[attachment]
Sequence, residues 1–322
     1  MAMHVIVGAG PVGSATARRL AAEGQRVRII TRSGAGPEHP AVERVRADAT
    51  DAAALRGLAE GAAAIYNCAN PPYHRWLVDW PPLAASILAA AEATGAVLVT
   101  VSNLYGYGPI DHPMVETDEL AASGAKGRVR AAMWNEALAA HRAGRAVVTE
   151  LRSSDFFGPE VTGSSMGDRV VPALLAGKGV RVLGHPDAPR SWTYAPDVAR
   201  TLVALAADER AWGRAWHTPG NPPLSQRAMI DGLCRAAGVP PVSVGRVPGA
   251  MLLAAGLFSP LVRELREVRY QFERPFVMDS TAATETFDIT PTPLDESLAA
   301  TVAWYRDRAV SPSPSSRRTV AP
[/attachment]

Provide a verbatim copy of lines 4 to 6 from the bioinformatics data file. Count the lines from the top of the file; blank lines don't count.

   101  VSNLYGYGPI DHPMVETDEL AASGAKGRVR AAMWNEALAA HRAGRAVVTE
   151  LRSSDFFGPE VTGSSMGDRV VPALLAGKGV RVLGHPDAPR SWTYAPDVAR
   201  TLVALAADER AWGRAWHTPG NPPLSQRAMI DGLCRAAGVP PVSVGRVPGA